In the second of our introductions to the new programmes, Dr Paul Rigby and Dr Daniela Sime tell us a little more about ‘Separated and Unaccompanied Asylum Seeking Children in Scotland’.
Dr Paul Rigby is a Lecturer in Social Work at the University of Stirling. He is presently managing a number of research projects looking at issues around children and migration, including an Erasmus+ project with partner institutions across Europe looking at the training of social workers.
Dr Daniela Sime is a Reader in Education & Social Justice in the School of Social Work & Social Policy, University of Strathclyde. She is currently leading an ESRC-funded research project on the lives of migrant young people from Central and Eastern Europe (www.migrantyouth.org)
What made you interested in the subject of this project?
We both have worked for a number of years on different aspects of migration in Scotland. Given the recent changes in migration trends and the number of children who travel alone across Europe in search of safer places, we thought it would be interesting and important to discuss the issue. Our aim was to identify with partner agencies some of the challenges in working with children on the move and to draw on best practice from the UK and internationally.
Why do you think this is an important issue to consider/interrogate/explore?
There has been increased migration across the Mediterranean over the last few years and the UK Government has decided to permit entry to separated children from camps in Europe to the UK. There is also a transfer scheme for those unaccompanied children already living in the UK and accommodated by various local authorities. These events made us think there were varying levels of experience across Scotland in working with unaccompanied children in a context in which most local authorities in Scotland will be likely to receive unaccompanied children.
What made you decide to submit a proposal to the Scottish Universities Insight Institute? OR How did you hear about the Scottish Universities Insight Institute?
We both worked with SUII previously either through events we organised or seminars we attended and we considered SUII provides the support and space for discussion and an ideal platform to address some of the issues identified.
Who else is working with you on this, and how did the programme team come together?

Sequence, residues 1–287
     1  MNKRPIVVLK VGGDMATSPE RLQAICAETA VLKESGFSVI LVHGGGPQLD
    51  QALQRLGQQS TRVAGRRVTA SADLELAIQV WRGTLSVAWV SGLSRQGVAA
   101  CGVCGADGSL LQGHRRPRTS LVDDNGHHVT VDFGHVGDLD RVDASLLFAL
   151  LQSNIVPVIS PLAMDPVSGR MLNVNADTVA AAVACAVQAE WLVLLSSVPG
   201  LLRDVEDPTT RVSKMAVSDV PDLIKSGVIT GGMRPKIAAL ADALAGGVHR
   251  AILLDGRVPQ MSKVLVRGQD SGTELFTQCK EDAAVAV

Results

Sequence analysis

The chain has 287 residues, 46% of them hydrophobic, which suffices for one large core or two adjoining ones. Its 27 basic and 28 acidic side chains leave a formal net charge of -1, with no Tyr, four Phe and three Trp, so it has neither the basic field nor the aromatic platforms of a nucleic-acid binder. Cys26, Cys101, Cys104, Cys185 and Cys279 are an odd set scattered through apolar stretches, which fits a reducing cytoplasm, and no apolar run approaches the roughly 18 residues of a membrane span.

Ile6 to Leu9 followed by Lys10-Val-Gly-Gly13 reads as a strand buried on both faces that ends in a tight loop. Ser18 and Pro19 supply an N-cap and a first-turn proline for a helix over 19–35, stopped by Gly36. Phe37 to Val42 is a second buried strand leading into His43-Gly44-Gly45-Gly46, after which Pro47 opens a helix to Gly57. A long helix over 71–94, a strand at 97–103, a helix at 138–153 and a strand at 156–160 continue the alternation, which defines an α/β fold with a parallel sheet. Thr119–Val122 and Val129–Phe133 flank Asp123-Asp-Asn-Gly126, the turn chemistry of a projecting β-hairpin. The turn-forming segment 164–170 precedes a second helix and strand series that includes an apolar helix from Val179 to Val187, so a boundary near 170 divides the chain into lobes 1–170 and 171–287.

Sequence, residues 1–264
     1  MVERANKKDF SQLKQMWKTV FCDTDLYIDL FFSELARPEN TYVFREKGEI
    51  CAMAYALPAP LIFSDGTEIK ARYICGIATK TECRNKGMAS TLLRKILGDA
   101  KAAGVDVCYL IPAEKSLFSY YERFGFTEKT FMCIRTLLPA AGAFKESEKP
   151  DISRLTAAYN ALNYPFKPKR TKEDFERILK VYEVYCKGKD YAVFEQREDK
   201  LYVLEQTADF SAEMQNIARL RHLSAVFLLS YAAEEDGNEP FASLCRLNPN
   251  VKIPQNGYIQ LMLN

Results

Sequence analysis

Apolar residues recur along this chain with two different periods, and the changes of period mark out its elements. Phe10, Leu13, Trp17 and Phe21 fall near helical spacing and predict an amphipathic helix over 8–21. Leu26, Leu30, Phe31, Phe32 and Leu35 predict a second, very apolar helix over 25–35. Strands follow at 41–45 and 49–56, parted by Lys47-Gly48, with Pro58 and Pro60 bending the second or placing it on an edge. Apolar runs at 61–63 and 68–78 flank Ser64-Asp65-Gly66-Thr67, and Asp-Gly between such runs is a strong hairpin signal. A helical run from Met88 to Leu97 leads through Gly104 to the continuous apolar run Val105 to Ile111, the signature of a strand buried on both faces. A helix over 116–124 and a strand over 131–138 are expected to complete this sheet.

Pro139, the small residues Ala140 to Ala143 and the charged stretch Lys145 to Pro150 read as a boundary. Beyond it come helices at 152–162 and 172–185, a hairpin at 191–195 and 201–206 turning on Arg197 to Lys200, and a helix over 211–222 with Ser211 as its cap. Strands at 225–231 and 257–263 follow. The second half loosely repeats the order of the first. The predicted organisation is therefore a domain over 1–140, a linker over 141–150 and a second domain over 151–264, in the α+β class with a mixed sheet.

The programme team is a combination of existing and new partnerships from Scotland, UK and international. Drawing on some of our existing contacts, the programme team was identified for its expertise in different areas of work with unaccompanied children, encompassing experience of policy, practice and research.
How have you structured the programme (workshops/symposia/talks/etc)?
The programme is structured around three symposia of two days each, the first day of each focusing on small, expert workshops and discussions and the second day of each involving representatives from each of the Scottish local authority areas. We think this structure allows for in depth discussion and knowledge dissemination.
What kind of participants are you hoping to involve?
For the expert groups, invited participants include unaccompanied children and young people, care providers, international agencies, government and academia. Local authority representatives invited are from social work, the lead agency with responsibility for separated children.
Is there any element of this project that you wouldn’t have been possible otherwise?
Bringing together a wide range of expert participants from across the area of interest and permitting a safe space for discussion is difficult in this context, because of the highly charged political and media interest in migration. The international dimension of the programme is also a major strength and will allow us to bring to Scotland some of the leading experts in the academic field and practice, likely to benefit provision of support for unaccompanied children in Scotland.
What difference do you hope to make with this project?
Scotland, with the exception of some of the larger urban areas, has little experience of working with separated and unaccompanied children. Drawing on international expertise, and those countries who have worked with thousands of children, services in Scotland will hopefully be in a better position to identify and meet the needs of a vulnerable group of children, and ultimately improve the longer term outcomes for this group of young people.
Further information on this programme, including upcoming events, can be found here.